The Canada Green Building Council (CaGBC) has finalized the Canadian Compliance Paths for the LEED for Neighbourhood Development 2009 rating system, and they are now available to the public online. These Alternative Compliance Paths (ACPs) were developed by the CaGBC to provide clarity and guidance for Canadian Neighbourhood Development projects, addressing sections of the rating system that contain US-specific standards or wording.
LEED 2009 ND is the latest version of the LEED-ND rating system, which was developed to guide and assess sustainable community development. It awards points to developments for elements like walkability of the neighbourhood, and design that encourages people to frequent local shops and public spaces. The ACPs were developed under the guidance of the Canadian LEED-ND Core Committee, which endeavoured to make the tool as applicable as possible to all regions of the country. This is fitting, as there are currently eight Canadian LEED 2009 ND projects underway across the country.
Dan Leeming, Co-Chair of the Canadian LEED-ND Core Committee, and Principal at The Planning Partnership in Toronto, thinks that these new ACPs offer Canadians added accessibility to a rating system that will define the future of green building.
“LEED-ND is a valuable tool for evaluating and guiding sustainable neighbourhood planning and design,” he said. “It also provides a thorough set of benchmarks through a sustainability program that encourages a means of considering other current issues such as public health promotion, high quality urban design, food security accessibility, providing for an aging society, as well as increasing housing choices. The interrelated nature of these issues allows concurrent improvements on multiple levels and in many different areas of concerns.”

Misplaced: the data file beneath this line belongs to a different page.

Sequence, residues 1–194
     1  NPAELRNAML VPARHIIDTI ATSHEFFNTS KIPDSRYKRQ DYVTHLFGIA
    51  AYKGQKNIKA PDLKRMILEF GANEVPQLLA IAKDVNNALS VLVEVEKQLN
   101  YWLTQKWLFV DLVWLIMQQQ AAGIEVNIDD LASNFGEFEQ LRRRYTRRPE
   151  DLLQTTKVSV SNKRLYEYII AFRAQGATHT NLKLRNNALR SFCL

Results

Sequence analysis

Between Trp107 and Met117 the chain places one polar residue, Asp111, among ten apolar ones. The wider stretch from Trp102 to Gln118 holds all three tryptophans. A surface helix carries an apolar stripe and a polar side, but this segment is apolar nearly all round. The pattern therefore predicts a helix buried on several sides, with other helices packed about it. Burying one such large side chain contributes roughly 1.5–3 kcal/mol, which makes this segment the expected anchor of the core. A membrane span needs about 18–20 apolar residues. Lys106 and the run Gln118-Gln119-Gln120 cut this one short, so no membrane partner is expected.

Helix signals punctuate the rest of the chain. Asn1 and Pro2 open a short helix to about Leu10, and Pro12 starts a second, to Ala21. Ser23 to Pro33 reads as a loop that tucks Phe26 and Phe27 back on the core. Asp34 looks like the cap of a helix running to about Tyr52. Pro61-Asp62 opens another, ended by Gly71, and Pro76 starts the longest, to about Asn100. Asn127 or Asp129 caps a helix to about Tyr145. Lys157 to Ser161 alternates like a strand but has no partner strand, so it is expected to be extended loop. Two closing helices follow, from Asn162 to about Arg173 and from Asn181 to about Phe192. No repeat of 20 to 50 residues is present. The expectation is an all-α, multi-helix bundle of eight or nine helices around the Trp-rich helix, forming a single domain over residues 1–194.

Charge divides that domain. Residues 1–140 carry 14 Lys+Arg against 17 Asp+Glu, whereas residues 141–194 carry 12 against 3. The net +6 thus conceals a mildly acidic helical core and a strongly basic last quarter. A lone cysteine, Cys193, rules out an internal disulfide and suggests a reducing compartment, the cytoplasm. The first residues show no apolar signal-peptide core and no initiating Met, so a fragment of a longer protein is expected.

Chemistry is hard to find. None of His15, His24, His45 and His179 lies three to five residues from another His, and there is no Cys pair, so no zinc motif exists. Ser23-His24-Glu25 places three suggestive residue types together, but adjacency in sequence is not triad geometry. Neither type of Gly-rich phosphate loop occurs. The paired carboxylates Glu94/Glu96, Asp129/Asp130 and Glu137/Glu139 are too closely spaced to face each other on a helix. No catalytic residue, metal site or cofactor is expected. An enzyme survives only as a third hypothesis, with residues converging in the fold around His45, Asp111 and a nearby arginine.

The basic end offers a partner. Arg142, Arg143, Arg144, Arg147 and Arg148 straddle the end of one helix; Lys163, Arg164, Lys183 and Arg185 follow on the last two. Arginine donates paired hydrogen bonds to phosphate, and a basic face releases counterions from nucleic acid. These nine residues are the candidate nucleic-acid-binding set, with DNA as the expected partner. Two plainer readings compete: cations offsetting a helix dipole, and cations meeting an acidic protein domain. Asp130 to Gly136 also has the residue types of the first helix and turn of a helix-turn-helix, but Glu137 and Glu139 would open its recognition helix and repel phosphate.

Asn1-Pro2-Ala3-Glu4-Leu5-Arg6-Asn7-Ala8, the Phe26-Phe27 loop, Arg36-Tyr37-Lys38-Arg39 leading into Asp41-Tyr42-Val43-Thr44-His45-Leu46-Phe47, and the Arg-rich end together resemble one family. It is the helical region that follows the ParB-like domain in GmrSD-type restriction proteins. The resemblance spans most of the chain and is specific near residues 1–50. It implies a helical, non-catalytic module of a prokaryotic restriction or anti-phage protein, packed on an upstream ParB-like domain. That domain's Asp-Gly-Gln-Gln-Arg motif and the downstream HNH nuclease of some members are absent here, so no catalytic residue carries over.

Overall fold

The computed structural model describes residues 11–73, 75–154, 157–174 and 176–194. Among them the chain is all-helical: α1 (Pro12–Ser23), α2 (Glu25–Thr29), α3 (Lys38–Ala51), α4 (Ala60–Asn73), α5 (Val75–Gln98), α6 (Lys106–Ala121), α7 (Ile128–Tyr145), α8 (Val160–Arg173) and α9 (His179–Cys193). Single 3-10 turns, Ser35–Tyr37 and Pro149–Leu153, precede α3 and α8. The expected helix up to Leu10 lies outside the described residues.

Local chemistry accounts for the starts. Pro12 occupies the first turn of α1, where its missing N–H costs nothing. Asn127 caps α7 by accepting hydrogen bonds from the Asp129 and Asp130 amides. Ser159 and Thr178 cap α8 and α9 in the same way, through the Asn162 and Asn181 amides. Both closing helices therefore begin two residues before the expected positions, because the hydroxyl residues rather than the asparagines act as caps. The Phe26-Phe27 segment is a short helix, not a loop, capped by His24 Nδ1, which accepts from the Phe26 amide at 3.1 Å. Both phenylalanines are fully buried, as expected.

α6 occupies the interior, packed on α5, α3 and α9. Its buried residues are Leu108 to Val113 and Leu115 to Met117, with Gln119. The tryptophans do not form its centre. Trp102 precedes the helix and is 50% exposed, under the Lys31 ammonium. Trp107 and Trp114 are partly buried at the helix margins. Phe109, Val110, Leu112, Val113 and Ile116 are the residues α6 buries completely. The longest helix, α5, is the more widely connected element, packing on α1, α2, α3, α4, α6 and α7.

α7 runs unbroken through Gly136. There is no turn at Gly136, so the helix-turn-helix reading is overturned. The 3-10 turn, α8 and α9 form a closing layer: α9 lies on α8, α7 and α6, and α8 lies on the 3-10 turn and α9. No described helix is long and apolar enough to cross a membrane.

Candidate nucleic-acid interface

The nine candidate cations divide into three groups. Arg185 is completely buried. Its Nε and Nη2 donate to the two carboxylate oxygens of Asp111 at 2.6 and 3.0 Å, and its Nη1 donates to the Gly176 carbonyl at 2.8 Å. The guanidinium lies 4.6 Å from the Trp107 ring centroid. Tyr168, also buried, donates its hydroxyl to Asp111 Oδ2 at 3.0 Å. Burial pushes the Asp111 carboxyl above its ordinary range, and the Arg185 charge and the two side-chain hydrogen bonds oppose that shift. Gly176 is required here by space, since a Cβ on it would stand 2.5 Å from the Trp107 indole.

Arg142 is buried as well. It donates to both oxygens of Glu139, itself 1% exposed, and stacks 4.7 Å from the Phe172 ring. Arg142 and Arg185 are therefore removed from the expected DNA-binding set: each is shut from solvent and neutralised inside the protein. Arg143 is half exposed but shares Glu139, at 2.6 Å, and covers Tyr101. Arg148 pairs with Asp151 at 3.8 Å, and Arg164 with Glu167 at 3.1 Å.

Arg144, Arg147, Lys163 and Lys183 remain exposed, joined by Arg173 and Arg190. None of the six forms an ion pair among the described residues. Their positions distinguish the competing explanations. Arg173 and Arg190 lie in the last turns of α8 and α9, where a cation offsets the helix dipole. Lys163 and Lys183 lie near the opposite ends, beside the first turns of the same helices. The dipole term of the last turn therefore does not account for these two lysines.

There are many neighbourhoods across Canada that weren’t designed to be models of sustainability, but are now regarded as such due to their location, walkability, access to public transit, or affordable housing. Several new neighbourhood developments are also being planned and designed to incorporate these types of features, using the LEED for Neighbourhood Development (LEED-ND) rating system as a guide.
In Montreal, for example, there is a LEED-ND project called “Les Bassins du Nouveau Havre” – a 23-acre infill redevelopment project located close to downtown, along the Lachine Canal. This mixed-use development will include both market-rate and affordable dwelling units, with a focus on units large enough for families with children. The location and design of the project encourages modes of transport other than the automobile, while construction will be according to LEED-ND criteria for green infrastructure and buildings.
Mark Laroche, president and CEO of Canada Lands Co. (which owns the land for Les Bassins du Nouveau Havre) and a CaGBC board member, says LEED-ND is a great system to use as a basis for undergoing these types of community developments. “We have found LEED-ND to be an excellent measuring stick for the sustainability of our projects,” he said. “It is also a very practical tool for producing a high quality neighbourhood design. By striving for LEED-ND certification with our projects, we ensure that Canadian communities are at the forefront of global standards in both environmental sustainability and urban design.”
Canadian projects interested in pursuing LEED 2009 ND certification are encouraged to review and employ the ACPs as needed, as part of their certification process.